Enterprise High School (Alabama)
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|Enterprise High School|
|1801 Boll Weevil Circle
Enterprise, Alabama, 36330
The city of Enterprise approved the rebuilding of Enterprise High School at a new location on the northwestern side of town off of Boll Weevil Circle, the city's main bypass. The school was constructed with more than $45 million in FEMA, insurance settlements, and state approved grant money. The town also approved a sales tax increase to collect funds for school construction. Overall, The result was construction of an $86 million replacement school. The new Enterprise High, at 525,000 square feet, is one of the largest schools in the Southeast.
On August 23, 2010, the doors of the new Enterprise High School opened to students. It was the first time in more than three years that High School students in Enterprise had been able to attend school in a High School building. Since March 2007, they had been sharing the campus of Enterprise State Community College with the local college students. The start of school year for all schools in the City of Enterprise had been delayed for two weeks to ensure that the High School building (the only public High School in town) would be ready for the first day of school.
The streets surrounding the campus were named just prior to the first day of school. Woodham Drive was named after John W. Woodham, an architect who worked with the school system for 25 years. Ralls drive was named after John G. Ralls, who sold more than 137 acres (0.55 km2) of land to the school system for the construction of the new school, and then donated a portion of the sale price back to the school. A third road was named after Webe Curenton, who sold his property to the school so that a driveway could be built connecting the school with Main Street. Wild Cat Way, the road surrounding the perimeter of the school, was named after the school's "Wildcat" mascot.
March 2007 tornado
On March 1, 2007, Enterprise High School was hit by an EF4 tornado during the February–March 2007 Tornado Outbreak. The twister collapsed parts of the building's science wing, third hallway and new gym, while causing severe damage in other areas of the school. The parking lot designated "Blue" was severely damaged, with cars stacked on each other. Cars in the other school parking lots were also damaged. Early news reports indicated that 20% of the building was damaged, and numerous students were injured. reported eight fatalities at the school as of 8:30 p.m. CST on the evening of the storm; earlier reports had set the death toll as high as 22, later scaled back to five. The death toll was increased again the following day to eight as recovery efforts went onward. The final death toll was set at nine, including Ryan Mohler, Peter Dunn, AJ Jackson, Jamie Vidensek, Michael Bowen, Mikey Tompkins, Katie Strunk, Michelle Wilson, and an elderly woman named Edna Strickland. It was the first killer tornado at a US school since 1990.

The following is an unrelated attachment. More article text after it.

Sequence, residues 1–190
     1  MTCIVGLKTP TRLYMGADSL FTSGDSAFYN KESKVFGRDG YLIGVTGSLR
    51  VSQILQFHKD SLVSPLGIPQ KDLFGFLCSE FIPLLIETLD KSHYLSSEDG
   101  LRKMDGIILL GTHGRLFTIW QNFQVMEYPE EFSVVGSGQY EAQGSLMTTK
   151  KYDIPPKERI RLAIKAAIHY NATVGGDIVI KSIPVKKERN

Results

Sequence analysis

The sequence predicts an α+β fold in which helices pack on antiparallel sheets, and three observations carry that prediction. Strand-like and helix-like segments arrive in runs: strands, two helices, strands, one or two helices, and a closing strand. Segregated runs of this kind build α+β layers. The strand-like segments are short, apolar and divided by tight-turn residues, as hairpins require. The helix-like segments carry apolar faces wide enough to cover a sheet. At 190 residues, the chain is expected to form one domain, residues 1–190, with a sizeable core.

After the tornado, the school was relocated to Enterprise-Ozark Community College (later renamed Enterprise State Community College, where it remained until the new school building was completed in August 2010.
In response to the tornado, Rachael Ray helped with the catering costs associated with the school's annual senior prom event (which was subsequently featured on the April 30, 2007 episode of her television show). After a night of dancing to the music of a DJ, Rachael Ray surprised students by arranging an unexpected musical performance by Mandy Moore.
On May 3, 2007, The Red Jumpsuit Apparatus, The Skyline Drive, Course of Nature, May-Day, and Brandon Kelly set up Band-Aid Benefit Concert sponsored by 106.7 WKMX in Fort Rucker, Alabama to help raise money for the high school. Along with The Red Jumpsuit Apparatus and Course of Nature, Melissa Joan Hart supported husband, Mark Wilkerson of CON and the high school.
Enterprise High School was affected historically by desegregation efforts within Alabama. Six families in Enterprise integrated the public schools in the 1966 school year. Children were given "Freedom of Choice forms" to bring home for their parents to complete the year before. These six families chose the white schools. The first year was peaceful without incident. A few years later the all black elementary school was closed and the all black high school was changed to 7th grade only. By the Fall of 1970, the school's total enrollment of 1,131 numbered 182 African-American and 949 other students. At the same time, the school had eight African-American teachers and 45 other teachers on its 53-member faculty.
- The Birmingham News http://blog.al.com/spotnews/2007/03/official_revises_death_toll_to.html
- United States Department of Health Education and Welfare (HEW) Office for Civil Rights, Directory of Public Secondary and Elementary Schools in Selected Districts: Fall 1970, U.S. Government Printing Office, Washington, D.C., 1972, p. 10. Terms are those used in the official report.
- Enterprise High School School website.